In A Ted Talk Analysis

It’s so easy to create a professional website these days, one that looks trustworthy and reliable. Of course, that does not mean that the information contained within it is also reliable. You would think that would be obvious, we would all like to think that we’ve impervious to bullshit. Alas, that is not the case. We get tricked, mislead, and manipulated, and very often we’re totally unaware of it. We talked briefly about the fluency illusion in chapter 13, we are susceptible to judging something as truthful if we find it easy to process.

Intuition can take us down the wrong path just as easily as it can the right one, and our only recourse is to slow down and start the effortful process of thinking. This makes well-designed websites with well-written prose a perfect breeding ground for misinformation. In a Ted talk, neuroscientist Molly Crockett discusses what she calls neuro-bunk, neuro-bollocks, or neuro-flapdoodle. 17 Crockett points to one of her studies in which participants were given a foul-tasting lemon-flavored drink designed to reduce the amino acid tryptophan, which is necessary for the brain to produce serotonin.

What she and her colleagues found was that people are less likely to take revenge when they’re treated unfairly if their tryptophan levels are high. 18 Following this research, articles started to come claiming that cheese and chocolate can make us better decision makers. Why? Because tryptophan is found in reasonable doses in cheese and chocolate. That’s not a lie, it’s not entirely bullshit, but as Crockett notes, it is oversimplified. Not long after this she had marketers calling her up asking her to provide scientific endorsements of their products.

Exaggerating scientific results shouldn’t come as much of a surprise within the markets that stand to gain something from it. Websites want eyes, they want to attract your attention, which they accomplish with outrageous titles. Marketers want your money, any science that might help the appeal of their products are quickly seized upon. Crockett mentions an op-ed piece in the New York Times titled ‘You Love Your iPhone. Literally. ’ The article comes to this conclusion through a study that had 16 people shown a ringing cellphone while their brain activity was measured.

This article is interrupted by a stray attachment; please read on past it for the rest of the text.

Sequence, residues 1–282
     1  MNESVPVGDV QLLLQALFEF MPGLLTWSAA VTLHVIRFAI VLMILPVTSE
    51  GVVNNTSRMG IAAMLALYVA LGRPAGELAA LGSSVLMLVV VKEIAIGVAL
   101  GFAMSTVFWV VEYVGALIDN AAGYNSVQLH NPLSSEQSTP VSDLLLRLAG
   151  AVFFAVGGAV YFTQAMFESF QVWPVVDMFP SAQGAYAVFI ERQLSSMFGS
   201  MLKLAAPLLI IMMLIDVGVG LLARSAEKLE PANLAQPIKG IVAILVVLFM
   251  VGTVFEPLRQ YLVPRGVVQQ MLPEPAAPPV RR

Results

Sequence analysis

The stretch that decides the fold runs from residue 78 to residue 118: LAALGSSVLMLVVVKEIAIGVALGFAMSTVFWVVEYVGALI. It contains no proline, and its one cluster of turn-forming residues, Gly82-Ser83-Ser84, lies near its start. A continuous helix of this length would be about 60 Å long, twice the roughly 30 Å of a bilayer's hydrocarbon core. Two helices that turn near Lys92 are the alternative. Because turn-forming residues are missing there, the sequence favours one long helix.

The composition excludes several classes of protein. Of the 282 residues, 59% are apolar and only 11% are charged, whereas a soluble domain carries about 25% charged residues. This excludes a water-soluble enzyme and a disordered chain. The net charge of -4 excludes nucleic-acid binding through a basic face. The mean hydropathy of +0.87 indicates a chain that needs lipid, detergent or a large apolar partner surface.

The results showed activation of a brain region called the insula. 9 The insula has been linked to love and compassion, so there’s the link. However, the insula has, in studies that were not mentioned, been linked to plenty of other processes, including disgust, anger and pain—in fact, the insula shows up in about one-third of all brain imaging studies. 20 Crockett also points out that the hormone oxytocin has been called the ‘love’ hormone given that high amounts of it has shown to increase trust, empathy and cooperation among people; but other studies have also found that it can increase envy, gloating, and can bias people to favor members of there in-group at the expense of outsiders.

A study by McCabe and Castel found that by simply including an image of a brain somewhere on an article relating to neuroscience, people are likely to judge that article as more reliable. 21 If you take a look through your nearest supermarket you’ll probably find many items spouting scientific claims, such as boosting focus or memory. Many of these have very little research to back up those claims. Even topics such as gluten, fat, sugar and artificial sweeteners, lactose, and organic foods suffer from a wealth of misinformation and pseudoscience.

Power Balance LLC designed a sports wristband that was alleged to optimize energy, flexibility, and balance, and that “optimal health and peak performance occur when your body maintains ionic balance and free flowing energy pathways at the optimal frequency. ” The wristband won Sports Product of the Year in 2010 by CNBC, it was endorsed by Shaq and David Beckham, over 2. 5 million of them were sold. Yet, when the Australian government asked them to provide evidence for what the wristbands were claimed to do, the company could provide none, and subsequently offered full refunds.